Medical device is no longer working
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Medical device is no longer working
I had the Lap Band surgery 10 years ago after my wife had the same procedure. I was doing really well I was at 335lbs and at one point dropped to 220lbs, I was doing crossfit and running and exercising. I would hit what they describe as plateaus and would notice I was not losing weight so I would schedule for an additional fill, 1/2 cc or a full cc. I did this many times because as you lose weight the band also loosens and needs adjustments. When you get an adjustment they measure what is in you and then compare it to last visit then add what we fill is needed to kick start to weight loss. This last visit I had noticed I had gained some weight and needed an adjustment about 3 month’s ago, I was shocked when they told me 6 or 7 cc’s of saline was no longer there. It had some how leaked out, I still had some and then input another cc of saline and we discussed options. It was either repair what was broken or do the sleeve. My insurance denied the sleeve one because they said I smoked, two they wanted to know where it was leaking. Now I am no brain surgeon but I think they would have to cut me open to find the answer to where the leak is. This has become very stressful and I am gaining weight again, so all those years of work are flushed away.
Asked on October 29, 2018 under Insurance Law, Alabama
SJZ, Member, New York Bar / FreeAdvice Contributing Attorney
Answered 3 years ago | Contributor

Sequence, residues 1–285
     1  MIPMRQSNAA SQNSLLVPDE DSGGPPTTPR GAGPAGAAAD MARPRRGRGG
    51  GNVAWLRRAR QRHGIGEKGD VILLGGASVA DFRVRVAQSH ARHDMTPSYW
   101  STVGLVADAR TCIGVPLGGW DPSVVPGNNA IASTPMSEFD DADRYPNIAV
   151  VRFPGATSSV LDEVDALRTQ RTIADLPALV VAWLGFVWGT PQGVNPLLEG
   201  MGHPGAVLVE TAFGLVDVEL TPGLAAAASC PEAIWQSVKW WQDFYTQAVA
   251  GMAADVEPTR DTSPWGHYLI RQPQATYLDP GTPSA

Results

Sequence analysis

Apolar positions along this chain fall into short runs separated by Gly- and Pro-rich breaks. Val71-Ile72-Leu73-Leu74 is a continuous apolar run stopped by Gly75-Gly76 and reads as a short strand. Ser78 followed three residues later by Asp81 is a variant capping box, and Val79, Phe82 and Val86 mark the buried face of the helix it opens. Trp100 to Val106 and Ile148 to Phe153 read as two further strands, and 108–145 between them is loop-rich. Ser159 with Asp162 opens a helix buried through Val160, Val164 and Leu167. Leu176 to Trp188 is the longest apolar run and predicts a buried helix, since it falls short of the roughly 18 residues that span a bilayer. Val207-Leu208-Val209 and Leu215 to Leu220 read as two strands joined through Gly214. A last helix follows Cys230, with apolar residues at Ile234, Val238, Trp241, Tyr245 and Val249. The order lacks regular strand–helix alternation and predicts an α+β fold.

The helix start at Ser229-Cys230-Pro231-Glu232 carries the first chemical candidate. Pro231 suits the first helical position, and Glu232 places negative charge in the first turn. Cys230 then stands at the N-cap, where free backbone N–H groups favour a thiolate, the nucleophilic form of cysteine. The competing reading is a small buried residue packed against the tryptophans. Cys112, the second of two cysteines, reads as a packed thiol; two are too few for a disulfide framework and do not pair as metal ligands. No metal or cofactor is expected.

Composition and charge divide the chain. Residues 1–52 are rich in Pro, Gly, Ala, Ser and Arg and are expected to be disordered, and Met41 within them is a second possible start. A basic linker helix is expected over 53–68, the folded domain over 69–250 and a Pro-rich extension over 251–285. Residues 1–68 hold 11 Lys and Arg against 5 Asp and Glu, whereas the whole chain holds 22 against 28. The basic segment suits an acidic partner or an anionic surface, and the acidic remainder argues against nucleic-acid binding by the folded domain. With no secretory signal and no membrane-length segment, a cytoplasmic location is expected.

You might have a claim for malpractice IF there is medical evidence (e.g. the professional opinion of a doctor who examined you) that the leak was due to something a medical care professional did wrong--for example that during one of the recent times when they injected or added saline, they accidentlly knicked or punctured it.
Or you might have a claim for product liability IF you can show, again with medical evidence, that the device was improperly designed or manufactured and that is why it is leaking (though given the age of the device, you might be out of time to sue--i.e. the "statute of limitations," or time period within which you must initiate a lawsuit, may have expired).
You need evidence of one or the other: of an error by a medical professional, or faulty design or manufacture. Without that, you would have no recourse. Liabiltiy--that a person or business may be financially liable for another's costs or problems--depends on fault; no fault, no liability. If you can't show fault, then since the leak could be due to reasons having nothing to do wth the medical care providers or device manufacturer (e.g. perhaps during agressive training or exercise, you managed to tear or rupture it, which they would not be responsible for) you would not have any viable claim.
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